Review: Man of Medan

“Oh, Death. Won’t you spare me over ’til another year”

Man of Medan is the first game in Supermassive Games horror anthology ‘The Dark Pictures‘, an ambitious eight game series that will have two games released per year over the next four years. Interesting stuff for sure.

For those who have played Until Dawn you’re in very familiar territory. You take control of several characters throughout the game and then try to get them to survive until the end. When you first start the game you are presented with three options on how to play. Solo, Movie Night and Shared Story. Movie Night is the most interesting as it takes the way people used to play Until Dawn in groups and makes it an actual mode. Each player selects a character and then the controller is passed around to a player when their character appears. The tension in this mode is ramped up to the max as you are sat by the wayside with no input on what is going on. You just suffer in the corner as you watch your friends mess things up badly (or do some amazing things…possibly).

Shared Story is the co-op mode where two players play the story together controlling two characters and will experience the story from different perspectives, even if they are in the same room together! The joys of supernatural storytelling…

With Until Dawn, the atmosphere was of isolation. Stuck in a cabin in the woods with unseen forces at play. With Man of Medan, the atmosphere is of isolation. Stuck on a ship with unseen forces at play. Now we are not saying this is a bad thing but for the first game of a new eight game series, it sure does feel like Until Dawn: Part II.

With that, we have the usual horror movie cast of characters that are just annoying enough that you wouldn’t mind seeing them die a horrible death. There is the arrogant Conrad, the nerd Brad, the cool as ice Alex, the super annoying girlfriend Julia and finally the oh so mysterious Captain Fliss. An interesting bunch for sure but no where near as well written or fleshed out as the characters in Until Dawn. In fact, the whole of the writing has taken a step down from Until Dawn which is sad. Hopefully it will improve as the anthology progresses.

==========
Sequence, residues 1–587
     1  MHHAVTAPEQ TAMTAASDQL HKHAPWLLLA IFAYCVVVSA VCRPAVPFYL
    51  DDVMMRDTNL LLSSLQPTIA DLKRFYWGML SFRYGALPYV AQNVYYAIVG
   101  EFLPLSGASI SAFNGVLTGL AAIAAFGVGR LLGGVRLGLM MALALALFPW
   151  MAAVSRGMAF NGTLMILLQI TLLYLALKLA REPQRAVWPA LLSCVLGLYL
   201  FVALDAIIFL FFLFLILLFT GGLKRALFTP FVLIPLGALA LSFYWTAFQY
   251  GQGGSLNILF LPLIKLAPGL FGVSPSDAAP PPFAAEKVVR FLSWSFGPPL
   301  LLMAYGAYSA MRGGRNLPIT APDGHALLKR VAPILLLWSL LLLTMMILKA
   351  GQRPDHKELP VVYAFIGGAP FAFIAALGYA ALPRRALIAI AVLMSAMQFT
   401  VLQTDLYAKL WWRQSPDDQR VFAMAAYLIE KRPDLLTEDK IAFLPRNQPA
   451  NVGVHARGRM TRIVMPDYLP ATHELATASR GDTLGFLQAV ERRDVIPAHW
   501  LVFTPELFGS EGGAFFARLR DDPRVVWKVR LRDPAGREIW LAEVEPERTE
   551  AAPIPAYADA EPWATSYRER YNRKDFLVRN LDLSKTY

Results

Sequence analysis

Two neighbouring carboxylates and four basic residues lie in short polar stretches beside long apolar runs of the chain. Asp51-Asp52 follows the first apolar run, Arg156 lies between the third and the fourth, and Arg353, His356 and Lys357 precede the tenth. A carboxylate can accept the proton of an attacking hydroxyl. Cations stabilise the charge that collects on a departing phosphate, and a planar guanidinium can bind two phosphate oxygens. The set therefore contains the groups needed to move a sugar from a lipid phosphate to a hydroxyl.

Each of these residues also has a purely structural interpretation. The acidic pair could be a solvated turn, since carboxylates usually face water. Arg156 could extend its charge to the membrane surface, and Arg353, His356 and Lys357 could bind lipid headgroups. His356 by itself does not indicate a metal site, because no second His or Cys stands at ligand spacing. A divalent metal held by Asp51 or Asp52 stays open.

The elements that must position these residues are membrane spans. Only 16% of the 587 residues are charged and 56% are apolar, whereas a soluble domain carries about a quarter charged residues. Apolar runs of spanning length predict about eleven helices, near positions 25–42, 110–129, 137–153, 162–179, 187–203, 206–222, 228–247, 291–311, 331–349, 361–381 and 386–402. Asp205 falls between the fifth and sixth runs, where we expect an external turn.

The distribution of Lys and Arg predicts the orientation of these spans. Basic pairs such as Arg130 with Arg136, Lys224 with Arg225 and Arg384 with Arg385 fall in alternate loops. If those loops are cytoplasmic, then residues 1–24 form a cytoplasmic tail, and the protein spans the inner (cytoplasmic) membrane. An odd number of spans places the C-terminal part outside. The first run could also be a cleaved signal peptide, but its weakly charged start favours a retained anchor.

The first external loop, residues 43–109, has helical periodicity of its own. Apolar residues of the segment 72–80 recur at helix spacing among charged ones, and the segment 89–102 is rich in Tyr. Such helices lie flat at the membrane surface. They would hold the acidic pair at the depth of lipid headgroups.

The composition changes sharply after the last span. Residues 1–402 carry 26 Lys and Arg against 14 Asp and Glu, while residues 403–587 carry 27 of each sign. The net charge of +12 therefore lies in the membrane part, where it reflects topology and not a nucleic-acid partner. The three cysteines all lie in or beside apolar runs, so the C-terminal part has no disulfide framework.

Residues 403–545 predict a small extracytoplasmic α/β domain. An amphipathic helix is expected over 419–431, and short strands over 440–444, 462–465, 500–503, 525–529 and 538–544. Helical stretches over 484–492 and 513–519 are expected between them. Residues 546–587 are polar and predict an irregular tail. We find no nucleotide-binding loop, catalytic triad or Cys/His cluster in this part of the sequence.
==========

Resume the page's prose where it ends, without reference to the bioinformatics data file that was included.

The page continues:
The are quite a few game play features that are ported over from Until Dawn to Man of Medan also. The Butterfly Effect is now called ‘Bearings’. This feature allows players to see the greater picture of the choices they make. Players will again choose dialogue options, this time via a moral compass which will change the relationships status with characters you are talking to depending on what options you choose. Totems are also back, this time they are…pictures. Collect these and they will give players premonitions on upcoming events.

So far so, so good.

Now the bad.

The performance on this game is horrible. Frame rate is all over the place and can drop to unplayable levels, this is especially troublesome if it drops while you are attempting one of the rhythm mini games. Loading screens pop up unexpectedly in places and break up the lovingly crafted atmosphere of the game. Sound regularly gets out of sync also and only a reset of the game will get to back to normal. In our play though, the game also froze numerous times and progress was lost.

Graphically the game is great, character renders and cut scenes are well done. It looks like a glossy big budget movie but the voice acting is a mixed bag though. Some of it great and some of it not. More B movie than A list.

If you liked Until Dawn you will probably love this too but you will come away with a feeling of it could have been so much better. Until Dawn is the better game but that was a complete game. Man of Medan is just getting started. Hopefully, things will get better over the next seven games and also offer up better writing and make the series stand on it’s own rather than be Until Dawn: Part VI in a few years.

Disappointing but fun.

Man of Medan was reviewed on a PlayStation 4 Pro with a review code provided by the publisher.

Editor's Rating

As the first game in an eight game anthology, Man of Medan works even though it's bogged down by technical difficulties. As a follow up to Until Dawn though, it definitely disappoints.

The Author

GameStart Asia

GameStart Asia

The GameStart team of geeky gamers share thoughts on the latest games, trends and news.

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